More than one in five Dallas children lives in poverty, while one in four Dallas families have a parent who was born in another country, a new study details. That's just two of the statistics detailed in the new "State of Texas Children" report from the Center for Public Policy Priorities.
Those statistics mean too many Dallas children lack a fair chance to be healthy, well-educated or financially secure, the report states.
The report from the left-leaning CPPP also says that disparities in child poverty across race, ethnicity and gender persist because of historical and current policies.
The research looked at Dallas County and focused on several issues, including wages for working families, public education, and health.
Kristie Tingle, a research analyst with the CPPP, says statistics in Dallas County often look like those of other big Texas cities. But not when it comes to young women.
“About one in four women statewide of child bearing age are uninsured," she said. “But in Dallas County, it’s almost half of women of childbearing age.”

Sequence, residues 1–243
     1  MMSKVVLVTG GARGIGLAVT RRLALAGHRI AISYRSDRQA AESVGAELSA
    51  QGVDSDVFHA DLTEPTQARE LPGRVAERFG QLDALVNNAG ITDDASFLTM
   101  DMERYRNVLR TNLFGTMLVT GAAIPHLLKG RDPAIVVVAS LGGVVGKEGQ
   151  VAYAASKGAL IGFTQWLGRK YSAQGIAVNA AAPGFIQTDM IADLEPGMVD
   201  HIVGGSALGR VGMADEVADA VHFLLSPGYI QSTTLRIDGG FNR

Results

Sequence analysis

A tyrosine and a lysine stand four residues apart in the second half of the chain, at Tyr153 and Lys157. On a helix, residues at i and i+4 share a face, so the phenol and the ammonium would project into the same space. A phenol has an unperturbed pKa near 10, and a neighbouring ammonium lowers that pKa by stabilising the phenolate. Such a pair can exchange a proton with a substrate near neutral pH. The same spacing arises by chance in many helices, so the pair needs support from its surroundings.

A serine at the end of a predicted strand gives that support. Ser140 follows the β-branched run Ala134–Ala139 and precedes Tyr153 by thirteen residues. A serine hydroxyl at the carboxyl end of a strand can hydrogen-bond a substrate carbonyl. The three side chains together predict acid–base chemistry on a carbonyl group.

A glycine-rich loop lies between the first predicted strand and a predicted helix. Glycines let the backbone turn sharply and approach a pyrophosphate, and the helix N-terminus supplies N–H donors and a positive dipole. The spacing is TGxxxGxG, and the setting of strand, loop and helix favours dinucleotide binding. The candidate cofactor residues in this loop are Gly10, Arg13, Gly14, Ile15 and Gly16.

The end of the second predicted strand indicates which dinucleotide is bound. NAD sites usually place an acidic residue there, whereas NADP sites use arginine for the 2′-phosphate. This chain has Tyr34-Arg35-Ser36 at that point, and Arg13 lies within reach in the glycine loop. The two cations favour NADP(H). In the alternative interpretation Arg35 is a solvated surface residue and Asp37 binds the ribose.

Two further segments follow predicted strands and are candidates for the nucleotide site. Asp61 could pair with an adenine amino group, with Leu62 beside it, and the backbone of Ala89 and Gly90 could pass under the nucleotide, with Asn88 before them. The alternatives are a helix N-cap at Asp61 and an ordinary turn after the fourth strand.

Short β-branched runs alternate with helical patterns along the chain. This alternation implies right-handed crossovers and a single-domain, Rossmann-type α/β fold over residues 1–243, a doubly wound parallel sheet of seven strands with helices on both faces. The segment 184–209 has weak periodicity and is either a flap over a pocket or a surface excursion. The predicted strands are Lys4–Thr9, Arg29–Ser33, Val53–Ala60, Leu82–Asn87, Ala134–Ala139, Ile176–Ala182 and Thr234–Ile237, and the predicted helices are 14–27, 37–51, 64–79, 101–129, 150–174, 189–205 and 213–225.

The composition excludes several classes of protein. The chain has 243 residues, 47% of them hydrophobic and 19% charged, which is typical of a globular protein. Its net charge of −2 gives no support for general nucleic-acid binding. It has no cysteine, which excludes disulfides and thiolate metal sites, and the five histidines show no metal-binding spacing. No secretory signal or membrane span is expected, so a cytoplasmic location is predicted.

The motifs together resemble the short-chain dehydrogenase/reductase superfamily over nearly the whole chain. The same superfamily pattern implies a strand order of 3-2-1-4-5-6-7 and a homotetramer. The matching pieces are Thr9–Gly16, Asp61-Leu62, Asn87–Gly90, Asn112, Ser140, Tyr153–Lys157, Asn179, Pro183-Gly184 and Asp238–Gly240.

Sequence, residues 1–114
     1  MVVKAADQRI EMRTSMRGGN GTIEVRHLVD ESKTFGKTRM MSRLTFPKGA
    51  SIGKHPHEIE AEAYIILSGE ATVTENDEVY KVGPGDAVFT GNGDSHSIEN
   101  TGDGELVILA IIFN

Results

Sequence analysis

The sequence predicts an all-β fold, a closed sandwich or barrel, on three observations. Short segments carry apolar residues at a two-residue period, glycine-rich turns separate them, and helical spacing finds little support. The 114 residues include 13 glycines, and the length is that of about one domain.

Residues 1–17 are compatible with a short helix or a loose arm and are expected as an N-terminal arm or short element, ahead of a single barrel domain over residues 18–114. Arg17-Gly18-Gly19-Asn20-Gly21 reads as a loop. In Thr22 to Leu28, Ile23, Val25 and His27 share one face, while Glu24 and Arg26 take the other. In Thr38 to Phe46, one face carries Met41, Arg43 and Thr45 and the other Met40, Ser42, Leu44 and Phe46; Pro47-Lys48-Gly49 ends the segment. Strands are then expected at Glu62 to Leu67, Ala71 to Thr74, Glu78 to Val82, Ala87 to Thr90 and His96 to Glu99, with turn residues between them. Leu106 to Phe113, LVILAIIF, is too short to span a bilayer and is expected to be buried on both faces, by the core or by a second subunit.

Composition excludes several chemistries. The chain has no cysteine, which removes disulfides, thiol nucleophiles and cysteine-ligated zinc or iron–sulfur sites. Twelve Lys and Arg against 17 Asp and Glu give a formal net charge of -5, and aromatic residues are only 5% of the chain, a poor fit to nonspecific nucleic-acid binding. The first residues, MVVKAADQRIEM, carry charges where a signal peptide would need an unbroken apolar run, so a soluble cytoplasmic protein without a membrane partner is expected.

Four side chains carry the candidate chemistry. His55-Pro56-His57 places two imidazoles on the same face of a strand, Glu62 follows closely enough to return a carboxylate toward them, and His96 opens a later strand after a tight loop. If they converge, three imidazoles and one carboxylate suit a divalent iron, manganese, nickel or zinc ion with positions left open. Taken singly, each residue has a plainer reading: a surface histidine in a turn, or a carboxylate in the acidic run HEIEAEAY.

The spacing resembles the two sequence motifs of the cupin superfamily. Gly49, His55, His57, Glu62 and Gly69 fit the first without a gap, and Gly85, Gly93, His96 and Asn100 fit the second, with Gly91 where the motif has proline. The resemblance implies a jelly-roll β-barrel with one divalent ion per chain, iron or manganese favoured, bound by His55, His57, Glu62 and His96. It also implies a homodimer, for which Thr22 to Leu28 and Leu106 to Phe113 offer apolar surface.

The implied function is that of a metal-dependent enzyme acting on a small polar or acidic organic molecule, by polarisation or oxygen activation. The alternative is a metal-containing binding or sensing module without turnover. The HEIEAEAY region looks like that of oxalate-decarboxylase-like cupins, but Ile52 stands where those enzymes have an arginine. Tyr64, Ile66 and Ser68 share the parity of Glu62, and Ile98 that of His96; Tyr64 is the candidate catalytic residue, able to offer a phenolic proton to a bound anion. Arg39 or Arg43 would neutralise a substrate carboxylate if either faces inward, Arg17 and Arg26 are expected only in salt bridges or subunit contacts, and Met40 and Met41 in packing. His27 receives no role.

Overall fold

That can have a big influence of the health of the mother before and after she gives birth, and on the health of the baby, Tingle said.
The study also finds that nearly 50,000 youth in Dallas County are eligible for Deferred Action for Childhood Arrivals, or DACA. That policy’s uncertain future creates an uncertain future for youth.
The CPPP emphasizes statistics gleaned from the census and other sources.
Here are other findings from CPPP study:
- 1.5 million Texas children live in poverty, defined by a family of four: mother, father and two children earning $25,000 or less a year. About 155,000 of those children live in Dallas County.
- 50,000 of those in the city of Dallas qualify as living in extreme poverty, defined as a family of four living on $14,000 or less a year.
- Single mothers in Dallas are twice as likely to live at or below the poverty line as single fathers. One third of Dallas children live with a single mother.
- 43 percent of Dallasites speak a language other than English. Not speaking English can slow one’s education, which then impacts a child’s ability to succeed in the future.
- 25 percent of all Dallasites were born in another country.
- Texas has one-fifth of the nation’s uninsured children. In Dallas County, that numbers 104,000 children. Hispanic children are twice as likely to lack health insurance compared to others.
- These findings affect educational attainment. 70 percent of drop-outs were economically disadvantaged.
The Dallas Mayor's Task Force on Poverty also provided statistics for the study.